• I'm happy to introduce the Styleforum Happy Hour, our brand new podcast featuring lively discussion about menswear and the fashion industry. In the inaugural edition, a discussion of what's going on in retail today. Please check it out on the Journal. All episodes will be also be available soon on your favorite podcast platform.

  • STYLE. COMMUNITY. GREAT CLOTHING.

    Bored of counting likes on social networks? At Styleforum, you’ll find rousing discussions that go beyond strings of emojis.

    Click Here to join Styleforum's thousands of style enthusiasts today!

Should I get into stocks?

lightyear

Member
Joined
Dec 14, 2010
Messages
6
Reaction score
0
Hey guys obviously there are many places better suited for these questions but besides investment forums etc. I'd love to get some answers from people who might/not work in the industry but who might be involved with investing as a hobby.

So basically I'm going to be finishing my undergrad for a couple more years and after that probably something like JD/MBA. I'm currently thinking about getting into the stocks game more as an exercise then anything serious. I'm doing honors poli sci/econ minor and enjoy reading business/econ books on the side but deff. do not have a math background.

So the problem I have with reading on stocks is totally conflicting info. On one side you read all kinds of stories of bus drivers who started reading on stocks and in a number of years ended up doing pretty well, on the other the premise is basically that stocks is a game for 40+ Econometrics grads whom it makes no sense to compete with. Some say stocks is more random then a casino (except there is no house) and others cite that hedge funds often underperform the general market..

Basic question is, @ age 19 is it worth spending a few years getting the basics down if you are not going into full time investing?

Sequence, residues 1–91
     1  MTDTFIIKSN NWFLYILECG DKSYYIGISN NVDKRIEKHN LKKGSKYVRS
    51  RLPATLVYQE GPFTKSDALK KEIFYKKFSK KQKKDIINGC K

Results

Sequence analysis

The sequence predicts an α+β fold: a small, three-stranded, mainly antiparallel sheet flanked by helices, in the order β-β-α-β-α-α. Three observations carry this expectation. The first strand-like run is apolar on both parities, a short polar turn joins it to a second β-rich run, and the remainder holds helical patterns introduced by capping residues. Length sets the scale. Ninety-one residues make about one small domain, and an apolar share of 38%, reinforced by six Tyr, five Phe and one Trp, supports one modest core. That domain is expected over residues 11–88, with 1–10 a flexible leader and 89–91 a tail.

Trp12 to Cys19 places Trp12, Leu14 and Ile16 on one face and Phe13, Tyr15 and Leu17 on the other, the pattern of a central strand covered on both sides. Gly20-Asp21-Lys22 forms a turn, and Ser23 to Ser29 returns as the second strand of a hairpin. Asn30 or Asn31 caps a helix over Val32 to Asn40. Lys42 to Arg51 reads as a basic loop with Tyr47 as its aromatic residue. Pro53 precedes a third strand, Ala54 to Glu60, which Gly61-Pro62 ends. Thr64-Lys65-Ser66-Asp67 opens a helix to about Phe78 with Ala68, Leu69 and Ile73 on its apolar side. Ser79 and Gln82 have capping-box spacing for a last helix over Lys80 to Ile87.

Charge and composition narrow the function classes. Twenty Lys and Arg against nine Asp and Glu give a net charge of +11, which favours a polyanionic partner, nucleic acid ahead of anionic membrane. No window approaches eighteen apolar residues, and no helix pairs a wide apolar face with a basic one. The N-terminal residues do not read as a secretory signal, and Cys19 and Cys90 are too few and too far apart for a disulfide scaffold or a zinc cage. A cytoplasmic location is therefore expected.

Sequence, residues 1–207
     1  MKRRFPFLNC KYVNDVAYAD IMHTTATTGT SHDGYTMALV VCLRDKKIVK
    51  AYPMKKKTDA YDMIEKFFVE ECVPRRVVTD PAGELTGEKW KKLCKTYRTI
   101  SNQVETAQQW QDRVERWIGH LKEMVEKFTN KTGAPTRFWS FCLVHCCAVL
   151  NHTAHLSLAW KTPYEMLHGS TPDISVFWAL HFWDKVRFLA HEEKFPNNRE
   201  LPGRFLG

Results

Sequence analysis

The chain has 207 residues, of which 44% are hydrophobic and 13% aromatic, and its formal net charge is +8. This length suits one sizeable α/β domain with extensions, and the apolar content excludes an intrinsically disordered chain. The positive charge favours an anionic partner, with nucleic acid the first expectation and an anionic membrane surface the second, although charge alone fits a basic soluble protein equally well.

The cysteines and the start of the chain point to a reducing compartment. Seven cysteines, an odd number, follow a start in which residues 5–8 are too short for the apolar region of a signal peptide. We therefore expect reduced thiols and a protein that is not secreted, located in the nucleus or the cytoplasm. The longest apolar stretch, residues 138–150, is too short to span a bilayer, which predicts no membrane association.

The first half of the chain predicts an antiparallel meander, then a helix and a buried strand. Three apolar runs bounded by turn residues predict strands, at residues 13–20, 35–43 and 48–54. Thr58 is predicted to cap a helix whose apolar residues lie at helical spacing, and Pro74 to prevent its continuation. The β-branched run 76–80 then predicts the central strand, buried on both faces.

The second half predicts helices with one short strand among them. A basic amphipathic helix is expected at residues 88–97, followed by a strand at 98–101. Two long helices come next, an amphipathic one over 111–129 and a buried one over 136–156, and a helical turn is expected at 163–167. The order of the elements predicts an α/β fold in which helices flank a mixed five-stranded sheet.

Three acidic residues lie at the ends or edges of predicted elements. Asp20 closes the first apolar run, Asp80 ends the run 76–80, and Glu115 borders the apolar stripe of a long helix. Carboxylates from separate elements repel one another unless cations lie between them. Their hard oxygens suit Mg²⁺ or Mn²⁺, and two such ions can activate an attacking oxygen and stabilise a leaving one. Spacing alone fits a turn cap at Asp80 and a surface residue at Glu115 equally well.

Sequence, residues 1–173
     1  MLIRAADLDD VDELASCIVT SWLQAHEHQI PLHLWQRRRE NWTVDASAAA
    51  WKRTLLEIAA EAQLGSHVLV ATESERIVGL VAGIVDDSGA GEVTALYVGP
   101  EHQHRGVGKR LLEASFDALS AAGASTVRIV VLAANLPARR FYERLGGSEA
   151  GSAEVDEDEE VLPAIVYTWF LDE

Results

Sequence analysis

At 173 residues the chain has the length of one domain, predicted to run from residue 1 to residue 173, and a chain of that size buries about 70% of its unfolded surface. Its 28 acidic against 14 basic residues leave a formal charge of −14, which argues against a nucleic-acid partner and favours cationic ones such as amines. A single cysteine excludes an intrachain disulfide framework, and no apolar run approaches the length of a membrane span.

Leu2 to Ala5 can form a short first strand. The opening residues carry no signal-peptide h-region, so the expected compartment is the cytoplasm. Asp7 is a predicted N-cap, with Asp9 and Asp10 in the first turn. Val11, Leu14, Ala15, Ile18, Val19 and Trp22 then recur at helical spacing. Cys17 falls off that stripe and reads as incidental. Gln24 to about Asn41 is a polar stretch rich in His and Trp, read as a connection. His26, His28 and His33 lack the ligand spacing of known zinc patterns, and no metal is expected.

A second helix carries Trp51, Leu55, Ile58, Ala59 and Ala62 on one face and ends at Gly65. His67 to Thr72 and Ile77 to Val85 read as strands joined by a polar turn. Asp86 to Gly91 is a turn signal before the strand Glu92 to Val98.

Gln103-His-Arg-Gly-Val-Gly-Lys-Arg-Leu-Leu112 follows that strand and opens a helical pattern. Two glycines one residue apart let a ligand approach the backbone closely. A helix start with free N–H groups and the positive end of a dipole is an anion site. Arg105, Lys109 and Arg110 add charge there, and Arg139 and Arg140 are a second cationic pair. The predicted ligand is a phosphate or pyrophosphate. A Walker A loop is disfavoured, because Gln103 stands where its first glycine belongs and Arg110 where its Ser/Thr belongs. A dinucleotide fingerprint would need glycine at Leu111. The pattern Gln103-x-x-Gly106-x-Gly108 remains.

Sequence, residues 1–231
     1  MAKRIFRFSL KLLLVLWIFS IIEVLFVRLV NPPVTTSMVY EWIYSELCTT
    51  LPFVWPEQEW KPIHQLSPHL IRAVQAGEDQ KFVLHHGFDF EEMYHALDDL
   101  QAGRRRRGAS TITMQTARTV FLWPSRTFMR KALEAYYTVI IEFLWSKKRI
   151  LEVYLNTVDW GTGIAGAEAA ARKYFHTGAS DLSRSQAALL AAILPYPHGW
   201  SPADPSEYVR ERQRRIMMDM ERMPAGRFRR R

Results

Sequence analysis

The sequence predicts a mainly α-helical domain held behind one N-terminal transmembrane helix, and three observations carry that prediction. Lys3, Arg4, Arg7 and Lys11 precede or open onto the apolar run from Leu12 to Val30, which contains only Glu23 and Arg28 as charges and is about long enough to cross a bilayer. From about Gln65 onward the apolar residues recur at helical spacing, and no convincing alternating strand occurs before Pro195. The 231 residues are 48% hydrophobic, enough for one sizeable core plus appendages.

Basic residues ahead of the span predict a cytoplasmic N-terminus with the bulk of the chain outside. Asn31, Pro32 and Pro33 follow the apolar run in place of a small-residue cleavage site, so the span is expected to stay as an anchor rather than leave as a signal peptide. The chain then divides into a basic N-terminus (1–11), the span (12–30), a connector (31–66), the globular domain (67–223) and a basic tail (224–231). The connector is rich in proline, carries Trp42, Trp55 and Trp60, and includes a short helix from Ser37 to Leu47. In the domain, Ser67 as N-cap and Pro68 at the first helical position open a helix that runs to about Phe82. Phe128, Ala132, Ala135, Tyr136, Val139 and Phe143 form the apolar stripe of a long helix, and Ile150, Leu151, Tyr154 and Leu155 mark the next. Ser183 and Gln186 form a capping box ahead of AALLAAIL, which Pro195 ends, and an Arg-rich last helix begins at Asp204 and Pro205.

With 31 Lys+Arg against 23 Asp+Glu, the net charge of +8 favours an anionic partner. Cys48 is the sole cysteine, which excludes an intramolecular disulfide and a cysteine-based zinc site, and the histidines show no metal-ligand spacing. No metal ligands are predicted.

Mandrake9072

Senior Member
Joined
Aug 1, 2007
Messages
474
Reaction score
15
Originally Posted by lightyear
Hey guys obviously there are many places better suited for these questions but besides investment forums etc. I'd love to get some answers from people who might/not work in the industry but who might be involved with investing as a hobby.

So basically I'm going to be finishing my undergrad for a couple more years and after that probably something like JD/MBA. I'm currently thinking about getting into the stocks game more as an exercise then anything serious. I'm doing honors poli sci/econ minor and enjoy reading business/econ books on the side but deff. do not have a math background.

So the problem I have with reading on stocks is totally conflicting info. On one side you read all kinds of stories of bus drivers who started reading on stocks and in a number of years ended up doing pretty well, on the other the premise is basically that stocks is a game for 40+ Econometrics grads whom it makes no sense to compete with. Some say stocks is more random then a casino (except there is no house) and others cite that hedge funds often underperform the general market..

Basic question is, @ age 19 is it worth spending a few years getting the basics down if you are not going into full time investing?


+ 1.

I'm in the same scenario. I'd also like to add to this by asking where to even begin as far as the learning process goes (aside from taking a couple finance courses). Are there any particular books that are essential reads? Any particular blogs/resources you fellow SF'ers pay special attention to?
 

HelloIDistance

Senior Member
Joined
Oct 7, 2008
Messages
686
Reaction score
29
I've been trading for four years now. As a basic rule I never trade penny stocks. If I could tell you anything it is stay away from penny stocks. If you want to be serious about being a trader you should also be ready to lose your money..it takes awhile to get the hang of it. I'd recommend going here http://hotstockmarket.com/ and researching it. That forum is a very good resource.